Meng Fai began his career as a cable engineer, repairing submarine cables in his early 30s. After spending a few years on a cable ship, the opportunity came for Meng Fai to join Singtel to begin planning several subsea cables. He joined the company in 2000 and has been with it ever since.

“It’s more of a progression for me,” he says of his role as chairperson of the SEA-ME-WE 6 management committee.

A league of its own

Having been in the industry for some time now, Meng Fai sees the profound importance of subsea cables to the world.

Subsea cables are the lifeline of a modern connected world. Around the world, more than 400 cables run along seabeds carrying at least 95% of all international internet traffic, according to TeleGeography. In recent times, big tech firms, such as Google, Amazon, Microsoft and Facebook, have laid and now operate their own cables. These are as important to these firms as their data centres, and Meng Fai believes data centre operators and subsea cable owners can work more closely moving forward.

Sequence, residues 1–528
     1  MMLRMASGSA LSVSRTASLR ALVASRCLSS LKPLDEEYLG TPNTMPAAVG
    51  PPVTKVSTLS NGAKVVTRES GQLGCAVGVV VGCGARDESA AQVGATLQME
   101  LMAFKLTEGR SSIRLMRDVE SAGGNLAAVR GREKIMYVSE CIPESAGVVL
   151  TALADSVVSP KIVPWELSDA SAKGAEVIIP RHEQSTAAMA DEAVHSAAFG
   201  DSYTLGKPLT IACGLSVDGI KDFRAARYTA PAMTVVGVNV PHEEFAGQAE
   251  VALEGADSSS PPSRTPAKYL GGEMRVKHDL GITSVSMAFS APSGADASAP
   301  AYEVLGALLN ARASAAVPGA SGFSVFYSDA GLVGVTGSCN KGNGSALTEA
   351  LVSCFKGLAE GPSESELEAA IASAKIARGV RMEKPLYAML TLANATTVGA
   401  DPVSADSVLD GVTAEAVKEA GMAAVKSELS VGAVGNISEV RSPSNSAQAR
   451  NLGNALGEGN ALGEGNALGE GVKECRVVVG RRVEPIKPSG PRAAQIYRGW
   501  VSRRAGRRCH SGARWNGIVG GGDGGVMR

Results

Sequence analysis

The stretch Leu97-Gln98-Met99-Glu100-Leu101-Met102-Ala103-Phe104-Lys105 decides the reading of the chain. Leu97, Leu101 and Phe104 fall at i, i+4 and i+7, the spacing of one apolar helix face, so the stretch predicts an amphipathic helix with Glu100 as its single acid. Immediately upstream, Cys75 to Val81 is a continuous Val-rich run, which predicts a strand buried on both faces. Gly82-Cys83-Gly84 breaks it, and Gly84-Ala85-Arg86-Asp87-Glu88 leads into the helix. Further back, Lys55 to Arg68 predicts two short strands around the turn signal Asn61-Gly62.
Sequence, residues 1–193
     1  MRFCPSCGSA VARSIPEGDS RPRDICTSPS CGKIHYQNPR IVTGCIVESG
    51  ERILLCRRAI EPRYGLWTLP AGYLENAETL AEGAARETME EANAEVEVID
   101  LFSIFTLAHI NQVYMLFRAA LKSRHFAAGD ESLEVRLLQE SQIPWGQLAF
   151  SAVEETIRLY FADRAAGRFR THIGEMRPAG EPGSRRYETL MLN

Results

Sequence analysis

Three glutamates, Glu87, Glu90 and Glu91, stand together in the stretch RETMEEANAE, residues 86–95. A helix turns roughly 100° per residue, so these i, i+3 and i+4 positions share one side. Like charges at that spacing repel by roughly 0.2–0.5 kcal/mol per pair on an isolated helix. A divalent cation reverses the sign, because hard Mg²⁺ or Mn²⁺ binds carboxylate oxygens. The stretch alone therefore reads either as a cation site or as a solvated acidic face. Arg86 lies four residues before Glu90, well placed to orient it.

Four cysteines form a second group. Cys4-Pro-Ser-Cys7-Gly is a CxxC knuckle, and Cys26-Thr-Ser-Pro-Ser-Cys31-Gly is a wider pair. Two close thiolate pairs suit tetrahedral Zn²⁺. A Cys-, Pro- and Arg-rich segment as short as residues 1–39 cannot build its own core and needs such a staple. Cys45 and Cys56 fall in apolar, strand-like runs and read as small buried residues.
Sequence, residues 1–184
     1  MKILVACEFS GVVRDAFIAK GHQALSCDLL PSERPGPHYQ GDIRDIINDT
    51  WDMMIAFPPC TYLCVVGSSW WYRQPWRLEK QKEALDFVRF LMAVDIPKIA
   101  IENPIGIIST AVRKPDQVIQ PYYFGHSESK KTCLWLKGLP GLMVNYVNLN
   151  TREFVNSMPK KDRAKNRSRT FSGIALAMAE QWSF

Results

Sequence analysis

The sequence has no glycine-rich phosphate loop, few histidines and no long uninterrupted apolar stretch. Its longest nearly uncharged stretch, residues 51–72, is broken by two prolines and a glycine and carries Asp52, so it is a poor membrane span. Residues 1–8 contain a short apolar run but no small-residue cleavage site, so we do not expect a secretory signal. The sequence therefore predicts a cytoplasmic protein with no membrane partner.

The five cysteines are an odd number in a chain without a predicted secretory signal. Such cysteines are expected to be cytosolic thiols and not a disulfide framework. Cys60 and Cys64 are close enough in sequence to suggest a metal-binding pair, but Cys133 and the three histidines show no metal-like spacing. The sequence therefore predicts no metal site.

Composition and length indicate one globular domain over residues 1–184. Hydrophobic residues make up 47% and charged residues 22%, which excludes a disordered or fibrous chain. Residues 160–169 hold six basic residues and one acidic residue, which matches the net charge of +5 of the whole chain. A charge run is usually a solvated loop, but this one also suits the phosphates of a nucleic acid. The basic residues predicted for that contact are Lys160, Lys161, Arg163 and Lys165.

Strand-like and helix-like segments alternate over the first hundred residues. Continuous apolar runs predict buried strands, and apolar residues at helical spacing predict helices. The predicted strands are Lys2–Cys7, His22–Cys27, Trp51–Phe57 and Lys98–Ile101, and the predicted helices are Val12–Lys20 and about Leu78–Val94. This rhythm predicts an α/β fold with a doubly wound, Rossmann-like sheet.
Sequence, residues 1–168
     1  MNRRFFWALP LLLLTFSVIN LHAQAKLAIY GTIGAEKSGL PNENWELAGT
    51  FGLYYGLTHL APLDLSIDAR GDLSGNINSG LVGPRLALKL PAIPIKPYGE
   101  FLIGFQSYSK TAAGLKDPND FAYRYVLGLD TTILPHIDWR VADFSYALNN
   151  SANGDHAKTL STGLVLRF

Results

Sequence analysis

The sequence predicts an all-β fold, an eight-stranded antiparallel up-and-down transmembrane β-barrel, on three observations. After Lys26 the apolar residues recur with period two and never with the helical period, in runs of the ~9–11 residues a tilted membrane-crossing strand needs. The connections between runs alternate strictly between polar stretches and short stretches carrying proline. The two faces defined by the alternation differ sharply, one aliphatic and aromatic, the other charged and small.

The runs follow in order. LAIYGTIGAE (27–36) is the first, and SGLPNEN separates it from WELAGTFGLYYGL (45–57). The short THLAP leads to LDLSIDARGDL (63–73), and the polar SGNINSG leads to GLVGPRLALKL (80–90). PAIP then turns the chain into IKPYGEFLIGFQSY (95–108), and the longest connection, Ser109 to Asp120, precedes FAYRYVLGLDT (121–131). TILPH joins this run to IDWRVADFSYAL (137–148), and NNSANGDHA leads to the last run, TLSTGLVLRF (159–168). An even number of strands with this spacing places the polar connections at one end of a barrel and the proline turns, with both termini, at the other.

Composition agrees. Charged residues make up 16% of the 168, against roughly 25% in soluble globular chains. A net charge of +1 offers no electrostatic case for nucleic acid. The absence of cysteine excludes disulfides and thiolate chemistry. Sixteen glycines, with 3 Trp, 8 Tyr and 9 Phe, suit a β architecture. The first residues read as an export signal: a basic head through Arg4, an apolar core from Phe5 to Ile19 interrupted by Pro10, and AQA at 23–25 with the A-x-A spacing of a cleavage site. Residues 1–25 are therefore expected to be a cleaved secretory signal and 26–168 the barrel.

Despite their importance, misconceptions about subsea cables from the general public remain. Many outside the telecoms industry believe they connect to satellite networks, but that is rarely the case.

“The satellite industry is not able to emit as much capacity as submarine cables,” Meng Fai says. “Especially if we’re talking about optical submarine cables, [satellite is] not even in the same league.”

While he notes there are advantages to satellite connectivity, particularly for cities and landlocked countries, he believes advances the submarine cable industry has made since the 1980s has put it into a league of its own.

The SEA-ME-WE 6 cable consists of 10 fibre pairs with 12.6Tbps per fibre pair for a total system capacity 126Tbps and uses the latest spatial division multiplexing (SDM) technology.

SubCom is using an SL17-SDM cable for the new system. As this cable supports up to 24 fibre pairs, SEA ME WE 6 could more than double the capacity of the cables in the line. Manufacturing the cable and equipment will be carried out at SubCom’s US campus in Newington, New Hampshire.

The increase in capacity is due to increasing demand on a route that goes from Southeast Asia, through the Indian Ocean to the Middle East and then to Europe, which Meng Fai describes as “lucrative”.

“Due to high bandwidth demand, especially with all the social media use, the demand has driven the need for higher capacity,” he says.